Book description

When a stranger asks Jo Blackmore for a lift she says yes, then swiftly wishes she hadn’t.

The stranger knows Jo’s name, she knows her husband Max and she’s got a glove belonging to Jo’s two year old daughter Elise.

What begins with a subtle threat swiftly turns into a nightmare as the police, social services and even Jo’s own husband turn against her.

No one believes that Elise is in danger. But Jo knows there’s only one way to keep her child safe – RUN.



Book description

2001. Age is catching up with Robert Finlay, a police officer on the Royalty Protection team based in London. He’s looking forward to returning to uniform policing and a less stressful life with his new family. But fate has other plans. Finlay’s deeply traumatic, carefully concealed past is about to return to haunt him. A policeman is killed by a bomb blast, and a second is gunned down in his own driveway.

Both of the murdered men were former Army colleagues from Finlay’s own SAS regiment, and in a series of explosive events, it becomes clear that he is not the ordinary man that his colleagues, friends and new family think he is. And so begins a game of cat and mouse “a wicked game” in which Finlay is the target, forced to test his long-buried skills in a fight against a determined and unidentified enemy.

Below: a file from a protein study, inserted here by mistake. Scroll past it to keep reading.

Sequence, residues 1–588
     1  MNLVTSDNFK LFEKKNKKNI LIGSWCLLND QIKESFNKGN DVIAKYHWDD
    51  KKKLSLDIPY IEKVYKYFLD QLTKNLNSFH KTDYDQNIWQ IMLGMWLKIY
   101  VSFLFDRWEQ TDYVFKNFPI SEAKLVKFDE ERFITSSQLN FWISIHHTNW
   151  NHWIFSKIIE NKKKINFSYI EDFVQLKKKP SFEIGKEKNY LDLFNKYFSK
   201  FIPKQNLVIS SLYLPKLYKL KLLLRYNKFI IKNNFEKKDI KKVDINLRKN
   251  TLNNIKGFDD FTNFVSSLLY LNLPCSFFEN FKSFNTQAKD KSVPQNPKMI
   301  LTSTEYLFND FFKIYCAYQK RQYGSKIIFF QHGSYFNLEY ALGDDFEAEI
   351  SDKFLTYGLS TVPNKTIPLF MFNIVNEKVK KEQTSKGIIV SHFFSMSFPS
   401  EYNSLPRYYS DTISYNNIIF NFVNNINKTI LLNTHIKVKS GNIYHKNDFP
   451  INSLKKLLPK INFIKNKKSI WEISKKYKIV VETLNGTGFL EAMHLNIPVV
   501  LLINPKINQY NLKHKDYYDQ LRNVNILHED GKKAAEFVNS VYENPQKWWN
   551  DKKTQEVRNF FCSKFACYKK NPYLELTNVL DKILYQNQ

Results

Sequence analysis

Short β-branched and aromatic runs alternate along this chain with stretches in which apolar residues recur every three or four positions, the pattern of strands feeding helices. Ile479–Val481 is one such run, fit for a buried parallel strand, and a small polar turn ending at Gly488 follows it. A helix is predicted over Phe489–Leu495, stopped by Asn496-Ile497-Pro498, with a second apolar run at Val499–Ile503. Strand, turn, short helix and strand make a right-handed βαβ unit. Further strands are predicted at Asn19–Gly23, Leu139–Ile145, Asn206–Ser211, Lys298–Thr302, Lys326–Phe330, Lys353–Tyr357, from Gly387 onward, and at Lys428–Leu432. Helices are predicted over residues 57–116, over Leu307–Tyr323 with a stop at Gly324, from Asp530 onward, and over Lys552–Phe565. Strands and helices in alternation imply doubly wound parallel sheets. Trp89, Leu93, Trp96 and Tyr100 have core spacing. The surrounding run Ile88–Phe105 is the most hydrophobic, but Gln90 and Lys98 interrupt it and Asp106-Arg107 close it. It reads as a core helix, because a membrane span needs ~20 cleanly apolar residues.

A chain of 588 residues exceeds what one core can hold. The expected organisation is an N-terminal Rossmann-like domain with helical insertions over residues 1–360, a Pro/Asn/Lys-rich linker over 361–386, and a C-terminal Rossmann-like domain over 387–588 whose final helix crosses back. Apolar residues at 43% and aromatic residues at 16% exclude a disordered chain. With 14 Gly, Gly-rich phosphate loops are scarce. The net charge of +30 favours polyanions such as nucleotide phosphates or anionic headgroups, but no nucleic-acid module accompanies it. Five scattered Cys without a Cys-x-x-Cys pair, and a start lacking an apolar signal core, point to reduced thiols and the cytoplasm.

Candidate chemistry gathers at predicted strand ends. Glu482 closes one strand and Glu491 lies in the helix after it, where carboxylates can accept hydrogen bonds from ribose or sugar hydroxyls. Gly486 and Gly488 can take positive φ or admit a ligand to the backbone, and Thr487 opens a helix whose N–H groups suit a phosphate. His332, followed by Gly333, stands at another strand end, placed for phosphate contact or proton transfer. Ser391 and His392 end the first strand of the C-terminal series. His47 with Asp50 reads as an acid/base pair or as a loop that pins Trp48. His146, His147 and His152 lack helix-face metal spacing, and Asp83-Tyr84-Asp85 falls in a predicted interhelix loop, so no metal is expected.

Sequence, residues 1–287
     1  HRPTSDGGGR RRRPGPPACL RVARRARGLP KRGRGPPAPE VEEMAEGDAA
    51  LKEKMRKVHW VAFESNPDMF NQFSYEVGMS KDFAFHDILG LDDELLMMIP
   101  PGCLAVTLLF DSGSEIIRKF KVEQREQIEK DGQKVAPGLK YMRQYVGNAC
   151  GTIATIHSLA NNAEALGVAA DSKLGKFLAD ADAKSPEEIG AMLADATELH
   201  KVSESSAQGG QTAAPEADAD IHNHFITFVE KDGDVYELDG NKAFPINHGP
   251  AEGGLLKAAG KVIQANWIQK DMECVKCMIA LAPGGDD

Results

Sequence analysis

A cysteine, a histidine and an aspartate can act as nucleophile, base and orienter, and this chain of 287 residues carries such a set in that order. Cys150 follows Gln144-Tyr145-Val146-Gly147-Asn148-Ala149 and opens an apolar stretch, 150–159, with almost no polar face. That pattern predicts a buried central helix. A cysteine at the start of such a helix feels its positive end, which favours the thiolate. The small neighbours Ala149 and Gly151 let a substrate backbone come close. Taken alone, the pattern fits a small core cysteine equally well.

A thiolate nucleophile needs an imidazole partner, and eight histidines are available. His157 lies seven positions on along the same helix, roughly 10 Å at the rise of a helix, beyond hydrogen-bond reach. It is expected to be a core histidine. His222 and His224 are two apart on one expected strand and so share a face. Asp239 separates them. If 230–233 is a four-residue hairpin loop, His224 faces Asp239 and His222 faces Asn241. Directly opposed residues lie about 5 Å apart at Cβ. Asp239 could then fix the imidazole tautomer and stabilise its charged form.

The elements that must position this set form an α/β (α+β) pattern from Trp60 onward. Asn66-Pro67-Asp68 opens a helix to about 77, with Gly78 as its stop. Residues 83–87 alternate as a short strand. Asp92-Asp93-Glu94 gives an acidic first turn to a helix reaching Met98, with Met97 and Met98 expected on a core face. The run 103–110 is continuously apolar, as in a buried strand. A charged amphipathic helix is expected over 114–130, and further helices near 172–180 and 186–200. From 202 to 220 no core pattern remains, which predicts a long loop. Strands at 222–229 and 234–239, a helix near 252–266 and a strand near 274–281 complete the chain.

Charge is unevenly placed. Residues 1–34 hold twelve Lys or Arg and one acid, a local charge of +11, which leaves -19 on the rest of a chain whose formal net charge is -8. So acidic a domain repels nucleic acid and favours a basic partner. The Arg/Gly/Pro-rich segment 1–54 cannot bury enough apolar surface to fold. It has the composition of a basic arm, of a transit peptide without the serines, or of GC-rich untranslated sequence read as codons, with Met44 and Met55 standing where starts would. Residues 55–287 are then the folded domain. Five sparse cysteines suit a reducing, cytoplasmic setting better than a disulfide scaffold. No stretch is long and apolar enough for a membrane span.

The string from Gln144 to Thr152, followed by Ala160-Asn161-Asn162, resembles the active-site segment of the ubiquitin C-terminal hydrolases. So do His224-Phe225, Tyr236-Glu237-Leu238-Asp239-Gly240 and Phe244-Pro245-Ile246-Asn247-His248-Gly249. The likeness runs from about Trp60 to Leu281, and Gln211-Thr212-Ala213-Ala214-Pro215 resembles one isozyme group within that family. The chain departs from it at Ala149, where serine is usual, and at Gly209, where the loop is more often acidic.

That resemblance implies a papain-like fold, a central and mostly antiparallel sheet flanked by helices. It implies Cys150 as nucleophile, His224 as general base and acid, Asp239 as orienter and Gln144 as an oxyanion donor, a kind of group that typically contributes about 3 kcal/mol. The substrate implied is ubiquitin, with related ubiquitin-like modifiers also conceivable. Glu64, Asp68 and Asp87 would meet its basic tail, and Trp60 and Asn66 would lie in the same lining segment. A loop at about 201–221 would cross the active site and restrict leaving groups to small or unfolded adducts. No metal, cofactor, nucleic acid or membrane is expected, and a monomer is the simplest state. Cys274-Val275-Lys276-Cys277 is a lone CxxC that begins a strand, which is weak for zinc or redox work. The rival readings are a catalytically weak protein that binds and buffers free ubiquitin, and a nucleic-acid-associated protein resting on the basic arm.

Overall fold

Book description

The dark and glittering new novel from the Sunday Times Bestselling author Kate Hamer is as gripping as it is gorgeously written – the perfect second book from the author of The Girl in the Red Coat.

My name is Ruby. I live with Barbara and Mick. They’re not my real parents, but they tell me what to do, and what to say. I’m supposed to say that the bruises on my arms and the black eye came from falling down the stairs.

But there are things I won’t say. I won’t tell them I’m going to hunt for my real parents. I don’t say a word about Shadow, who sits on the stairs, or the Wasp Lady I saw on the way to bed.

I did tell Mick that I saw the woman in the buttercup dress, hanging upside down from her seat belt deep in the forest at the back of our house. I told him I saw death crawl out of her. He said he’d give me a medal for lying.

I wasn’t lying. I’m a hunter for lost souls and I’m going to be with my real family. And I’m not going to let Mick stop me.

A special mention

My thanks to Karen at, for my stunning hardback signed copy of Rupture by Ragnar Jónasson which I won over on David’s blog so a huge thank  you to David too.

Last week on the book review café

**Blogger Recognition Award** | The Book Review Café

Next week on the book review café

**Blog tour** Stasi Wolf by David Young

**Blog tour** No Safe Home by Tara Lyons

Right Behind You by Lisa Gardner review

**Blog Tour** Blink by K L Slater



Thank you to everyone who nominated me for this awesome award.  I’m absolutely stunned that so many fellow bloggers nominated me in their posts. I think anyone who runs a book blog deserves this award for all their hard work, so if you haven’t been tagged in this award consider yourself nominated let’s share the blogger ❤